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RISK OF MALARIA TRANSMISSION will have risen in many pafr^of the 1, world by 2020 (relative to the average risk in the years 1961 to 1990), according ^ to projections assuming a temperature increase of about two degrees Fahrenheit. The analysis was based solely on temperature threshold and did not assess other factors that could influence malaria's spread.

RISK OF MALARIA TRANSMISSION will have risen in many pafr^of the 1, world by 2020 (relative to the average risk in the years 1961 to 1990), according ^ to projections assuming a temperature increase of about two degrees Fahrenheit. The analysis was based solely on temperature threshold and did not assess other factors that could influence malaria's spread.

evaporation), and it holds more moisture than a cool one. When the extra water condenses, it more frequently drops from the sky as larger downpours. While the oceans are being heated, so is the land, which can become highly parched in dry areas. Parching enlarges the pressure gradients that cause winds to develop, leading to turbulent winds, tornadoes and other powerful storms. In addition, the altered pressure and temperature gradients that accompany global warming can shift the distribution of when and where storms, floods and droughts occur.

I will address the worrisome health effects of global warming and disrupted climate patterns in greater detail, but I should note that the consequences may not all be bad. Very high temperatures in hot regions may reduce snail populations, which have a role in transmitting schistosomiasis, a parasitic disease. High winds may at times disperse pollution. Hotter winters in normally chilly areas may reduce cold-related heart attacks and respiratory ailments. Yet overall, the undesirable effects of more variable weather are likely to include new stresses and nasty surprises that will overshadow any benefits.

Mosquitoes Rule in the Heat

Diseases relayed by mosquitoes—

such as malaria, dengue fever, yellow fever and several kinds of encephalitis—are among those eliciting the greatest concern as the world warms. Mosquitoes acquire disease-causing microorganisms when they take a blood meal from an infected animal or person. Then the pathogen reproduces inside the insects, which may deliver disease-causing doses to the next individuals they bite.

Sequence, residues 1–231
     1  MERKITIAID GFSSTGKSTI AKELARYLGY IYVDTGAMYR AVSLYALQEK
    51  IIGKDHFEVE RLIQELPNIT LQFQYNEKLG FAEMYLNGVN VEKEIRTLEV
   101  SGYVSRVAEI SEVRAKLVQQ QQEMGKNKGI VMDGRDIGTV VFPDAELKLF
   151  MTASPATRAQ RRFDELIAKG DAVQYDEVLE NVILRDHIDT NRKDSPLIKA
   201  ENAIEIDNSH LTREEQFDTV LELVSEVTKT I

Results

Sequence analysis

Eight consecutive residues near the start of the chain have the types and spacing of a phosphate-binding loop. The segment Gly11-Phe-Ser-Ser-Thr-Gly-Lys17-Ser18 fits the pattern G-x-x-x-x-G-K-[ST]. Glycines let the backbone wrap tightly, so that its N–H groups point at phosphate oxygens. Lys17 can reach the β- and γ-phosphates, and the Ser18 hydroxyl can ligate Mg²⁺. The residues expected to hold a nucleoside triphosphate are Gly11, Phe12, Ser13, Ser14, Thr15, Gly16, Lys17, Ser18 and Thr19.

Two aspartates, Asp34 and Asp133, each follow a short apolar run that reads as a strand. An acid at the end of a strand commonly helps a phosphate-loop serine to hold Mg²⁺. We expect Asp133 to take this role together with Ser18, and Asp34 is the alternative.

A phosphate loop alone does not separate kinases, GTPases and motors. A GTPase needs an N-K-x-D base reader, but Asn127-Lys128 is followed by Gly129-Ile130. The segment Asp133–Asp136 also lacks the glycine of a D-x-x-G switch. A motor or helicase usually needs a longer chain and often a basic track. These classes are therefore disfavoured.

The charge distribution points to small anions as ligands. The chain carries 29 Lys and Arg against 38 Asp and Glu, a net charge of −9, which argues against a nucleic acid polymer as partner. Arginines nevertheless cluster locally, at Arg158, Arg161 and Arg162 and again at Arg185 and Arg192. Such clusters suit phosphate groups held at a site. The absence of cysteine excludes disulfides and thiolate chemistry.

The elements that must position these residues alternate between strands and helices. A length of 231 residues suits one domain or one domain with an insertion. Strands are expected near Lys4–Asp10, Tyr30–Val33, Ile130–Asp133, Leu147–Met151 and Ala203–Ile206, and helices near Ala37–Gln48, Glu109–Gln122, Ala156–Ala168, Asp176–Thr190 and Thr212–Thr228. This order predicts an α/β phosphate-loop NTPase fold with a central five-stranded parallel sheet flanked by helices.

Mosquito-borne disorders are projected to become increasingly prevalent because their insect carriers, or "vectors," are very sensitive to meteorological conditions. Cold can be a friend to humans, because it limits mosquitoes to seasons and regions where temperatures stay above certain minimums. Winter freezing kills many eggs, larvae and adults outright. Anopheles mosquitoes, which transmit malaria parasites (such as Plasmodium falciparum), cause sustained outbreaks of malaria only where temperatures routinely exceed 60 degrees Fahrenheit. Similarly, Aedes ae-gypti mosquitoes, responsible for yellow fever and dengue fever, convey virus only where temperatures rarely fall below 50 degrees F.

Excessive heat kills insects as effectively as cold does. Nevertheless, within their survivable range of temperatures, mosquitoes proliferate faster and bite more as the air becomes warmer. At the same time, greater heat speeds the rate at which pathogens inside them reproduce and mature. At 68 degrees F, the immature P. falciparum parasite takes 26 days to develop fully, but at 77 degrees F, it takes only 13 days. The Anopheles mosquitoes that spread this malaria parasite live only several weeks; warmer temperatures raise the odds that the parasites will mature in time for the mosquitoes to transfer the infection. As whole areas heat up, then, mos quitoes could expand into formerly forbidden territories, bringing illness with them. Further, warmer nighttime and winter temperatures may enable them to cause more disease for longer periods in the areas they already inhabit.

The extra heat is not alone in encouraging a rise in mosquito-borne infections. Intensifying floods and droughts resulting from global warming can each help trigger outbreaks by creating breeding grounds for insects whose dessicat-ed eggs remain viable and hatch in still water. As floods recede, they leave puddles. In times of drought, streams can become stagnant pools, and people may put out containers to catch water; these pools and pots, too, can become incubators for new mosquitoes. And the insects can gain another boost if climate change or other processes (such as alterations of habitats by humans) reduce the populations of predators that normally keep mosquitoes in check.

Mosquitoes on the March